CSS3 Media Queries For Mobile Version of Website

Mobiles

CSS3 is a very important part of web designing which plays a great role in the whole designing process. Actually this CSS3 part is very exciting for designers, as well as it create a frustrating feature that it is not supported by Internet Explorer 8. But every designer knows that without CSS3 it is impossible to make a modern website. Here we will discuss all about using CSS3 media queries to create mobile version of a website. This is an effective tutorial for both beginners and professionals attached to web designing.

At first we should have a clear idea about the topic media queries. Actually if you have used CSS2 previously then you will know about Media Type. Media types let you specify a type of media to target so that you can target print, handheld and others. But this was a great failure in CSS2 as it never gained support from various devices. Here in CSS3 this part is developed and named as Media Query. This media query rather than looking at the type of device they look at the capability of a particular device like the width and height of the browser, width and height of the device, orientation and resolution as well. So for example if a device has a browser which supports CSS3 then it will automatically detect all the features and will display the website according to it.

css for mobile

You can see the example given above which shows how a full fledged website looks in a PC and how it looks in a small portable device like iPhone or an android device.

Using Media Queries to create a Stylesheet for Phones:

So here we are going to start with the tutorial but before that you should have a look into the example website below. Here the example is a two column layout.

To make the process easier we have decided to linearize the entire design and make it one column. And make the header are amore small so that the user need to scroll less before reading the article. At first we should media queries to have the alternate section of CSS right inside the single style sheet. So when we will be targeting small devices we should use this following syntax.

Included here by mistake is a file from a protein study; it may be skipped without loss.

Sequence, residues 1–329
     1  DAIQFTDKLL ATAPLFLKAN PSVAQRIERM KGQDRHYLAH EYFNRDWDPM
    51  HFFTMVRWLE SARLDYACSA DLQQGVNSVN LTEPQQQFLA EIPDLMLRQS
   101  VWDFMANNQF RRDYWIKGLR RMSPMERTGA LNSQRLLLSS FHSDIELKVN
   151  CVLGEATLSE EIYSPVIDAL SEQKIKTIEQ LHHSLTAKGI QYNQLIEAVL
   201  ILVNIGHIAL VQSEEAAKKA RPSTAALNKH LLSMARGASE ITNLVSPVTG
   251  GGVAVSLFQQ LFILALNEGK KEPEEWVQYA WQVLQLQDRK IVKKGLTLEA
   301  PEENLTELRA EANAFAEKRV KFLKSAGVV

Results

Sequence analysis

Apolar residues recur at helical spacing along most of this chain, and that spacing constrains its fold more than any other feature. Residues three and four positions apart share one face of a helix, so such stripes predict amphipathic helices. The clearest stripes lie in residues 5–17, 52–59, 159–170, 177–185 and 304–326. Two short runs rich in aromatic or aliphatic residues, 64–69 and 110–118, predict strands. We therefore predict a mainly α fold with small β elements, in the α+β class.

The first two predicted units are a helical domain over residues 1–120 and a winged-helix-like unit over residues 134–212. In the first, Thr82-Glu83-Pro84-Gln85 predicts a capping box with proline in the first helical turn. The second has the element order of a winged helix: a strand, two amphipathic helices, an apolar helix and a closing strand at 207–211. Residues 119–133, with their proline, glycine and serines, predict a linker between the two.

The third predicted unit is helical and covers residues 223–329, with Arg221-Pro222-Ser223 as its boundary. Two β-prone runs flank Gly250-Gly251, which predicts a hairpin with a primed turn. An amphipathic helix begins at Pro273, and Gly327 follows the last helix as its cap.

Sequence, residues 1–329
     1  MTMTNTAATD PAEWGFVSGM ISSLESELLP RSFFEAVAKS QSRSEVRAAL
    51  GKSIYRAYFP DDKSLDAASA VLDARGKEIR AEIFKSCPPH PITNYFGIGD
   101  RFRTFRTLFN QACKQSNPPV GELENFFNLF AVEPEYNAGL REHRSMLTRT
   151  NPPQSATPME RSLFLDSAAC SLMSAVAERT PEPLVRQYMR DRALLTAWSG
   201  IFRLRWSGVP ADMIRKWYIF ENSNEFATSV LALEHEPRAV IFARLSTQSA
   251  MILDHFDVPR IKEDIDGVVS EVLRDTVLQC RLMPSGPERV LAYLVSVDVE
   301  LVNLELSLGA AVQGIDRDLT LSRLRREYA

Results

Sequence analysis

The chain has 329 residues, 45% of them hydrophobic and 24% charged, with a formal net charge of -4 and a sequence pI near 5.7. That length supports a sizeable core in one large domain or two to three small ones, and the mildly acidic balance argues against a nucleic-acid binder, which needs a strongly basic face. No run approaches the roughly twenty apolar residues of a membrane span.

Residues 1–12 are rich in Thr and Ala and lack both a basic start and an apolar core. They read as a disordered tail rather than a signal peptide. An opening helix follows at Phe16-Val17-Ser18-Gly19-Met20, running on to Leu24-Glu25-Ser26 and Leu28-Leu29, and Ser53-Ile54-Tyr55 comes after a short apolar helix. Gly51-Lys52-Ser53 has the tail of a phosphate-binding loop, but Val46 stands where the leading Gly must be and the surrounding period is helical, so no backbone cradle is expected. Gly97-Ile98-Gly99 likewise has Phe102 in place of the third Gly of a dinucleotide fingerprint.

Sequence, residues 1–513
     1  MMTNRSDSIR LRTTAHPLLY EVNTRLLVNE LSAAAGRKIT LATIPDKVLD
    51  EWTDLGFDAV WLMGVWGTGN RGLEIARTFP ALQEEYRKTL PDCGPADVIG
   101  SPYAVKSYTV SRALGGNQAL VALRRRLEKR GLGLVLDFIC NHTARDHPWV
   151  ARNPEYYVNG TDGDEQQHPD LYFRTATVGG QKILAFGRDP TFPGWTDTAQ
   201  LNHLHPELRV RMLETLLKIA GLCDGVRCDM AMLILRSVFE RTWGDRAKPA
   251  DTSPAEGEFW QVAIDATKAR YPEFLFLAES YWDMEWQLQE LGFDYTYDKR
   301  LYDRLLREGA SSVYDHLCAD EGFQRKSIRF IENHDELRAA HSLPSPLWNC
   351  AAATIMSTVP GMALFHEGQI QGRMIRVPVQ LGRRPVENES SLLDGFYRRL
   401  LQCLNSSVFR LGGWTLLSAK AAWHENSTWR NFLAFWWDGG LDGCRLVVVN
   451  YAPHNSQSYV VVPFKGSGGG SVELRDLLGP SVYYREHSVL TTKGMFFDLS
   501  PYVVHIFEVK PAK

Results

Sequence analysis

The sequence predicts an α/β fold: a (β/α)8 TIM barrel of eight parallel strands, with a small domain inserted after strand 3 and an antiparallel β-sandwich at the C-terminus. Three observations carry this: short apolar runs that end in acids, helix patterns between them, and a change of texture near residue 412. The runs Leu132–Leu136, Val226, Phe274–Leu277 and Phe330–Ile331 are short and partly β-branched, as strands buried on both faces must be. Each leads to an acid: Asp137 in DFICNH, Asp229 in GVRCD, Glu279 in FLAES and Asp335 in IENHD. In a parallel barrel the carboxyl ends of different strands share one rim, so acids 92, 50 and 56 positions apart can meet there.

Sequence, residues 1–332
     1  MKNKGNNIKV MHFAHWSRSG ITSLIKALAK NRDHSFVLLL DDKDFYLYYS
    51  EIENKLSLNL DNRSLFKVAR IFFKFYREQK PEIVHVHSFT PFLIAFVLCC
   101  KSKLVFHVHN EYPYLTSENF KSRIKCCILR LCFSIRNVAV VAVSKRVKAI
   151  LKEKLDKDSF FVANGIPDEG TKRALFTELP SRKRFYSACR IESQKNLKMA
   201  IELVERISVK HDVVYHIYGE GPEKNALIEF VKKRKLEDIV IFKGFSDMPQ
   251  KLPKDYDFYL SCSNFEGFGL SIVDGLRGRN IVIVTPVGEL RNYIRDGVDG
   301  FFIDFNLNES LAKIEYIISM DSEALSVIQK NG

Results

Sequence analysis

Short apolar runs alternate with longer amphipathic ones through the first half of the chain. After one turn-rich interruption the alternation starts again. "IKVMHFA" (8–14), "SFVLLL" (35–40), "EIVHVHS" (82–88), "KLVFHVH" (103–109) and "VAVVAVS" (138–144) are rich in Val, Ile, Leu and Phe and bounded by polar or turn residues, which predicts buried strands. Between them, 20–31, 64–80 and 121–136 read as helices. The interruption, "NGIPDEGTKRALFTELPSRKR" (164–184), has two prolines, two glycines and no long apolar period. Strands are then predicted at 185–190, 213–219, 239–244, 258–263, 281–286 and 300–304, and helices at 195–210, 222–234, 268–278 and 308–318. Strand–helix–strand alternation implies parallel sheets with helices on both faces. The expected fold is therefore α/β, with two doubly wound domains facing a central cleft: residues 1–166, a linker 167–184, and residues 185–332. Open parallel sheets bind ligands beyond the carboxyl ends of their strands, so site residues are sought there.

@media only screen and (max-device-width: 480px) {

}

So now we can add alternate CSS inside the braces. So to linearize the website and using smaller header graphics we can add the following.

@media only screen and (max-device-width: 480px)

{

div#wrapper{width: 400px;}

div#header{ background-image:url(media-queries-phone.jpg);  height: 93px;  position: relative; }

div#header h1{ font-size: 140%;  }

#content{ float: none;   width: 100%;  }

#navigation{  float:none;  width: auto; }

}

Here in the above code we are using alternate background image and reducing the height of the header, then setting the content and navigation to float none and overwriting the width set earlier in the stylesheet. Now after doing this the design will look like this.

Linking a Special Stylesheet using Media Queries:

Keep in mind that adding a specific code for devices is the best way to use media queries if you want just a few changes in your website. But if there are several changes and overwriting, as if you want to change the whole look of the desktop look and a small device look of a particular site then linking in a separate style sheet will enable you to keep the CSS separate. So to add separate style sheets under a main style sheet use the following code.

<linkrel=”stylesheet”type=”text/css”media=”only screen and (max-device-width: 480px)”href=”small-device.css”/>

Testing Media Queries: